Facebook Introduces Phishing Reporting Service
Facebook introduces a phishing reporting service for its security-aware users
Facebook has announced fresh protections for its users, allowing them to report cases of phishing attempting to dupe users out of their login details.
There are many fake Facebook sites, which look convincing enough to make users think they are the real thing. Other phishing attempts see attackers send emails claiming to be from Facebook, directing them to fake sites and prompting them to give away personal data.
But if users can tell the difference between the real and the fake Facebook, they can now report them to email@example.com, Facebook said yesterday.
Catching some phish
“By providing Facebook with reports, we can investigate and request for browser blacklisting and site takedowns where appropriate,” Facebook said in a blog post. “We will then work with our eCrime team to ensure we hold bad actors accountable. Additionally, in some cases, we’ll be able to identify victims, and secure their accounts.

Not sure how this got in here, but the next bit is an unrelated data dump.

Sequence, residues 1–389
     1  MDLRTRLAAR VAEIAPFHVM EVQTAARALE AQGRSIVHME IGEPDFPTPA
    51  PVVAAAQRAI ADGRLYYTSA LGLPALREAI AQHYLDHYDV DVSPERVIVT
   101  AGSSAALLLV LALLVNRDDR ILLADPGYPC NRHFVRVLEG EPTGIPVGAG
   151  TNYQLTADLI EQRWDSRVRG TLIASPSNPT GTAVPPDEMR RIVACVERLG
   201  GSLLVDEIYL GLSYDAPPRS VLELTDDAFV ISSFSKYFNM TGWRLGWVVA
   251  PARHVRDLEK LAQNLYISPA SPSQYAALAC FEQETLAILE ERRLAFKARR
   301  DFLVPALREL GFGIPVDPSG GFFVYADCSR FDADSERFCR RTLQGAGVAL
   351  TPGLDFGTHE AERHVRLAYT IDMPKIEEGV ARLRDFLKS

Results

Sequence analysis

“This new reporting channel will compliment internal systems we have in place to detect phishing sites attempting to steal Facebook user login information. The internal systems notify our team, so we can gather information on the attack, take the phishing sites offline, and notify users.”
Last year, Facebook started offering bug bounties, paying researchers for finding flaws on the website. According to Bloomberg, it is set to widen the programme to offer rewards for those who find flaws in its internal systems, rather than just its customer-facing assets.
Facebook should expect more attacks now it has welcomed a real-money gambling app onto the website, according to one security expert. This week, the first ever real-money gambling app for Facebook – Bingo Friendzy – was announced.
But by having real money being bet on the site, Facebook can expect to be targeted by more concerted hacking efforts, said Paul Lawrence, vice president for international operations at Corero Network Security.
“There is no doubt that Facebook has security in place, but by adding gambling to their site they have effectively monetised the reasons for attackers to target the site,” Lawrence told TechWeekEurope.
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